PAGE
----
The next reason for a business to be declined is because of 1099 or sub exposure. I should say that the amount of sub exposure to w2 employees makes a difference.  Most carriers want no more than 20% of sub or 1099 employees.   Just because a business has chosen to issue 1099 rather than W2’s does not automatically mean the employee is an independent contractor and should not have rights to work comp coverage. Many business owners assume that they do not have to provide coverage for the subs however if the sub or 1099 is not providing a Certificate of Insurance to the contractor or business owner, than the payroll will be picked up at audit. because of this the policy owner will owe in to the carrier for that employee.  Ultimately what carriers worry about most with the subs is if there was a lapse of coverage the contractor would be on the hook for any claims that were to happen.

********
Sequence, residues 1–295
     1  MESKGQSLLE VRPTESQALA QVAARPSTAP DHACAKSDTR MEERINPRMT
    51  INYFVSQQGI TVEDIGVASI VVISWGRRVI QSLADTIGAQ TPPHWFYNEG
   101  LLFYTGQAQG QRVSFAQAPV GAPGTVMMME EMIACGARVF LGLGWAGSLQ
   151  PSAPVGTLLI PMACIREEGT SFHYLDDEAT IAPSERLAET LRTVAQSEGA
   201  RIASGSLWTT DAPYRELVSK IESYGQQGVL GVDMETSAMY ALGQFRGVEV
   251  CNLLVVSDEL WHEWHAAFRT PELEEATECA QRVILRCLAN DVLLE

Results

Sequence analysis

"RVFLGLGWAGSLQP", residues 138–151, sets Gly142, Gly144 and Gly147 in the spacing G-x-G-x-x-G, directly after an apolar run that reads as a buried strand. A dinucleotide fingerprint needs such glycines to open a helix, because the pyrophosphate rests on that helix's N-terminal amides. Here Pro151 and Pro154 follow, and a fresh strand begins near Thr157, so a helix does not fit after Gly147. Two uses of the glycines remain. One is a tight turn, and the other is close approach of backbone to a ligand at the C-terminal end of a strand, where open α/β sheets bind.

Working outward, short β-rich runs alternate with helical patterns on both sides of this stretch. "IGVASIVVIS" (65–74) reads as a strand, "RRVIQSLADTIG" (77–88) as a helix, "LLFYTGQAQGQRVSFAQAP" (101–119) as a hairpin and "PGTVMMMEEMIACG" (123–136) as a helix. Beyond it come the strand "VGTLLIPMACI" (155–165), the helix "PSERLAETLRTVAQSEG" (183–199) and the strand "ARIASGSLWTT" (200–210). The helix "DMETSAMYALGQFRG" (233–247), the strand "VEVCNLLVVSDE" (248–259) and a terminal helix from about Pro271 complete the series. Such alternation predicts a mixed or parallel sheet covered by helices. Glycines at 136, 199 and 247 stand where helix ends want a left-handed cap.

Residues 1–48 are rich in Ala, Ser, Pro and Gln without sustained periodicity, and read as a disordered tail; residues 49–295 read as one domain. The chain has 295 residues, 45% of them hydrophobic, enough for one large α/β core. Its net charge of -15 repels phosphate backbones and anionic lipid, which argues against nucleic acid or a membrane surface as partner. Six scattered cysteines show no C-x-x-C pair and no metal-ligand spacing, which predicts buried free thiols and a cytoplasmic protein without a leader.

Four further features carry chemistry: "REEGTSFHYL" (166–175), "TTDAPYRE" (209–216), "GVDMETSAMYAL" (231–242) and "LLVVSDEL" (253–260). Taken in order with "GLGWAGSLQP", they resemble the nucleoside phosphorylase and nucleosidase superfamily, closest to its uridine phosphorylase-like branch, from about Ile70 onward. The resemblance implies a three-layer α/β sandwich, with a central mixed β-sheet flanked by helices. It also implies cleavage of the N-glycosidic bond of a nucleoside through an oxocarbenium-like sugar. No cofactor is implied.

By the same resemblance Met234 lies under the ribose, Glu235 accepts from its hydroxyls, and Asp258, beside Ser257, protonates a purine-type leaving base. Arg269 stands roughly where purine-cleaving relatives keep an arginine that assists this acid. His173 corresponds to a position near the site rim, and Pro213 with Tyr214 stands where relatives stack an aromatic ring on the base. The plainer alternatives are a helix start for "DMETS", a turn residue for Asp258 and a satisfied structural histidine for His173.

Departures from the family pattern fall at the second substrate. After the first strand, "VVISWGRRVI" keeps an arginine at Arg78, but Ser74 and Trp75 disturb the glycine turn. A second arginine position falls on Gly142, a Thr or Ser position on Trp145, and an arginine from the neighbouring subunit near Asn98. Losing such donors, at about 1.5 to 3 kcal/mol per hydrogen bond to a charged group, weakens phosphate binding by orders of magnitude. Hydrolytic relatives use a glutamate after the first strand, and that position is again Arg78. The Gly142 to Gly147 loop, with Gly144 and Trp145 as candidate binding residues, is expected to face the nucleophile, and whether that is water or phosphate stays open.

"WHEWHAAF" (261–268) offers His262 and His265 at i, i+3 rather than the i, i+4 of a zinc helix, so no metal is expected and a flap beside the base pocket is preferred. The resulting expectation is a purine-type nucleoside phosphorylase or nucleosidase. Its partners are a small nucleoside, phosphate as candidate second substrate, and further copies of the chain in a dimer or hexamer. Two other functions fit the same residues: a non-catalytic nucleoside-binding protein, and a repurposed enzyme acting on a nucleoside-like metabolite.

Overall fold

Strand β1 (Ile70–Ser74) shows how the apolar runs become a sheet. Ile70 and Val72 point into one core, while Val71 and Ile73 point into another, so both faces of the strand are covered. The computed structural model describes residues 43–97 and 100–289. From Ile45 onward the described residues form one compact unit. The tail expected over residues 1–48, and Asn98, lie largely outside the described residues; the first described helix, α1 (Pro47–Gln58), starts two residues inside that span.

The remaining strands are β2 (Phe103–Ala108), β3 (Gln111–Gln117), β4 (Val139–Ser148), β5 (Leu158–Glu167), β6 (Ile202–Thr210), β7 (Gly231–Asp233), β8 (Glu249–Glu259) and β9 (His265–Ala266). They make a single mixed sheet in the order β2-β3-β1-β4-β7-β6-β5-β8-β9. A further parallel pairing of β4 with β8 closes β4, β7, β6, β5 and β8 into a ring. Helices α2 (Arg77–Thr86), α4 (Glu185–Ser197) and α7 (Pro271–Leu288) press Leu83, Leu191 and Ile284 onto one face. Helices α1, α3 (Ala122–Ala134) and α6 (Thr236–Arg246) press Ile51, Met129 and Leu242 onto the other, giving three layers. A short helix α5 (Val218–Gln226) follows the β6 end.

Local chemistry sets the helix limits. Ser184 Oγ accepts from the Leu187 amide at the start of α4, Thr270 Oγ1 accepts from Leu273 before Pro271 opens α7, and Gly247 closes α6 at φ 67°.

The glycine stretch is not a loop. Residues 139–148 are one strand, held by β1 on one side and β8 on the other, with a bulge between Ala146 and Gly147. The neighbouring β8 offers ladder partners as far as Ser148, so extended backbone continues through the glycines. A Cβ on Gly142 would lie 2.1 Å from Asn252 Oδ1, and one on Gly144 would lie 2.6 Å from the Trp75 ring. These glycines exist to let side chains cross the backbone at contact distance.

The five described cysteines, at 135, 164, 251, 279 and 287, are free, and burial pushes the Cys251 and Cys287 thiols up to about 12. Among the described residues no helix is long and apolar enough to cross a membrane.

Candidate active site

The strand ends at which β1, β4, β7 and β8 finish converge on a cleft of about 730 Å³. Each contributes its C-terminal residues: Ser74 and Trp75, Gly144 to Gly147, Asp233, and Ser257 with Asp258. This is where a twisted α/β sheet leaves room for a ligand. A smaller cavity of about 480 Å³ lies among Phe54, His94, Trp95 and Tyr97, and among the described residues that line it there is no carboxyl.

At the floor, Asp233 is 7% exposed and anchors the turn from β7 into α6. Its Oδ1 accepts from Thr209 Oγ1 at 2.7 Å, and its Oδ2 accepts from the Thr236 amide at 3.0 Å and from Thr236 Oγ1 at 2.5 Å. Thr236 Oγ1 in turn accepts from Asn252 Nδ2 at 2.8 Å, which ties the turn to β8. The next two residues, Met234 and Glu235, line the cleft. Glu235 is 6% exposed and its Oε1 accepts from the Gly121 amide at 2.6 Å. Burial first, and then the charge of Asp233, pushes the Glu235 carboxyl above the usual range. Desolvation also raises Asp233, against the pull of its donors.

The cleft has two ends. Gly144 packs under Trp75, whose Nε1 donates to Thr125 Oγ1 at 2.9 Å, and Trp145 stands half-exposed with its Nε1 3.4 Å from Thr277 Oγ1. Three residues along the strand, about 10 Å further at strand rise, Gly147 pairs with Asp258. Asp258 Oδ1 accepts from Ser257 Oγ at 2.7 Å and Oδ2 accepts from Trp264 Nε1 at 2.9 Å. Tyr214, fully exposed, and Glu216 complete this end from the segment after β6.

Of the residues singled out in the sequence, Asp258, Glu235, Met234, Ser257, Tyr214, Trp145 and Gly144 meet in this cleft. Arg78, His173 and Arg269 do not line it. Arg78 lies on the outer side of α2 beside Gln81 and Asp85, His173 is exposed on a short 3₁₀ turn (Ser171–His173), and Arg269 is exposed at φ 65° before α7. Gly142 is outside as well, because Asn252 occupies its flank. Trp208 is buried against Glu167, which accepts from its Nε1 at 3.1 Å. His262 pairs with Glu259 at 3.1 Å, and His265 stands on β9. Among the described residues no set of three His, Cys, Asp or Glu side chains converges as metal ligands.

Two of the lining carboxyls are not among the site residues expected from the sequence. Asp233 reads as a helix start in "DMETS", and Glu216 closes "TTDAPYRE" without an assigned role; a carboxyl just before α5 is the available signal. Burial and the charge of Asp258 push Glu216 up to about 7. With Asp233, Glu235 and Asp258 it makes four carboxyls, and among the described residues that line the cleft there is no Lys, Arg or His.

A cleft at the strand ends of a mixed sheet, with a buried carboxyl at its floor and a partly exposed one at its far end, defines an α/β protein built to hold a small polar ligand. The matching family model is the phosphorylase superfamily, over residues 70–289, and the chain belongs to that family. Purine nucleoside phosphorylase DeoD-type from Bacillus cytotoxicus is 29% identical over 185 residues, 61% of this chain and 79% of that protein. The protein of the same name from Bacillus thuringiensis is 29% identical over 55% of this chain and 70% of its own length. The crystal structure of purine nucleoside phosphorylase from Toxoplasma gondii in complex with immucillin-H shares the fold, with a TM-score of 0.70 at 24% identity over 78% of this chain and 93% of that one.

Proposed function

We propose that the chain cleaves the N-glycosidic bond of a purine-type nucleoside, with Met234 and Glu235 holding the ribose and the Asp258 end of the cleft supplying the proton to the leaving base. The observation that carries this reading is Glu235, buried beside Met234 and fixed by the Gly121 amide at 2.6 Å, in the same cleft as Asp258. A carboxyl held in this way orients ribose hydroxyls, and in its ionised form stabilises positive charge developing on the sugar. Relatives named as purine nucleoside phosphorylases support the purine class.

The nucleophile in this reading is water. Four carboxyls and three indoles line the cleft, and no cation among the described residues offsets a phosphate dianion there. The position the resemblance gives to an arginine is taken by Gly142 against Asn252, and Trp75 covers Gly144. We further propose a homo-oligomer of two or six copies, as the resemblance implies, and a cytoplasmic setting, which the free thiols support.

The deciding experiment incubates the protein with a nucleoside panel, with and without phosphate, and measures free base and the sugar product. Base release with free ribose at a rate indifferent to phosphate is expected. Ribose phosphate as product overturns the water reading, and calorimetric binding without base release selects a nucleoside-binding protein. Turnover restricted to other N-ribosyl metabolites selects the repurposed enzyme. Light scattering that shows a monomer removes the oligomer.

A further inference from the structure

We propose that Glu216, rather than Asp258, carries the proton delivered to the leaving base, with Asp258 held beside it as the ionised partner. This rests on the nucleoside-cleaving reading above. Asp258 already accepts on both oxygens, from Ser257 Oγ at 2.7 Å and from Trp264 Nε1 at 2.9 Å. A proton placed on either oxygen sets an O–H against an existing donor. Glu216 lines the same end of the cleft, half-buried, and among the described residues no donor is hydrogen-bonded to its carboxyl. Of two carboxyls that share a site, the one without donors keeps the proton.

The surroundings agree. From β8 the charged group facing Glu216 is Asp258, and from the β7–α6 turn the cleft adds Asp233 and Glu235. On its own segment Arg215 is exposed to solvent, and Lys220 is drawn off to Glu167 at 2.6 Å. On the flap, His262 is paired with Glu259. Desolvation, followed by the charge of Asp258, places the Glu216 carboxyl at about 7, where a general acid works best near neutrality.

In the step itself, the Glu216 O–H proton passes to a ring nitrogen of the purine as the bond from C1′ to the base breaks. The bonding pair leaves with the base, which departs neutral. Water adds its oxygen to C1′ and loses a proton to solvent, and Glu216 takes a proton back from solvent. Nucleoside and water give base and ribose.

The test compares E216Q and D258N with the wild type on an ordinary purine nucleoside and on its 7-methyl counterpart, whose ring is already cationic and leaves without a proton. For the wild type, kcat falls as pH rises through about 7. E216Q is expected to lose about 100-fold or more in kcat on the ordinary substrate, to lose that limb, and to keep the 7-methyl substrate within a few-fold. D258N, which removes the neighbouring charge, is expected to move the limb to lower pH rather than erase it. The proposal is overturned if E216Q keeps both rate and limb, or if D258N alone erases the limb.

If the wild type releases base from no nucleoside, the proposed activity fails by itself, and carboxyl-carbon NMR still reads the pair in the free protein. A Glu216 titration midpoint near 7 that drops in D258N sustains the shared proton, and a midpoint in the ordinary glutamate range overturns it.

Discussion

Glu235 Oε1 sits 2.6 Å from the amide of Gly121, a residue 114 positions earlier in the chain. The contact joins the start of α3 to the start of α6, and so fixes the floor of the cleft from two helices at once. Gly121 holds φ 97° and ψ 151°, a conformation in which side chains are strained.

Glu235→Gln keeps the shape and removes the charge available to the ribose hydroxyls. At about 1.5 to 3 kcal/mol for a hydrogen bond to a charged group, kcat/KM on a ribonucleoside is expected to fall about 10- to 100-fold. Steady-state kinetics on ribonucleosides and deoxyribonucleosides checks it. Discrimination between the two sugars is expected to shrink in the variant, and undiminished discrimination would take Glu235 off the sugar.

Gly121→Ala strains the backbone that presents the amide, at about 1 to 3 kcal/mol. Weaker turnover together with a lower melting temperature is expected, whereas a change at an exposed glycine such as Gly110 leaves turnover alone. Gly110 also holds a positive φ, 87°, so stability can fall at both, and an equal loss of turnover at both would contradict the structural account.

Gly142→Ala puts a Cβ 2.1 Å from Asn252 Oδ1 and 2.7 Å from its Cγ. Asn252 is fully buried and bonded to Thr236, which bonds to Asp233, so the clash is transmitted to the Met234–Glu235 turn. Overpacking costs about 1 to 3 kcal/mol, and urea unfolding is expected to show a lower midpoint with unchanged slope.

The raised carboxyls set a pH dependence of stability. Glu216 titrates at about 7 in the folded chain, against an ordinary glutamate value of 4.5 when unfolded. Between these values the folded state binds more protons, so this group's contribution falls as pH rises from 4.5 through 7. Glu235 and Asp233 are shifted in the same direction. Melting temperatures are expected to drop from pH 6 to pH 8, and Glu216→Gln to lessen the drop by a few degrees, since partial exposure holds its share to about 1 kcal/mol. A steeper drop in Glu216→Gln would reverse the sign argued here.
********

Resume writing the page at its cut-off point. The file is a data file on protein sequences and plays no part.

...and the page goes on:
If I had to pick one other reason for a business to be declined coverage it is because of travel exposure.  By travel exposure I mean using a vehicle to do work related to the business. Carriers deem this a larger risk because when the employees are driving there is a higher rate of claims and the claims tend to be more severe.  It seems these days’ contractors need to go where the work is.  If there is multi-state exposure where employees are traveling out of state or live near the border of two states, that is something that many carriers are not interested in writing.  For instance, if a contractor sends 5 or 6 employees more than 50 miles away to do a job and they all ride together that is 5 or 6 claims that would have to be paid if they were all riding together and were injured in a car accident.  Many employers think that while their employees are driving to work they are not covered under an employer’s work comp policy.  That is accurate if you drive the same route to work every day and generally go to the same place every day.  However, if you as a business owner send your employees on jobs that in tails driving exposure. The driving exposure is anything that would not normally be a part of everyday work. If the employee is solely driving for the reason of doing a job then the insurance carrier would indeed need to pay for the claims that arise out of a car accident.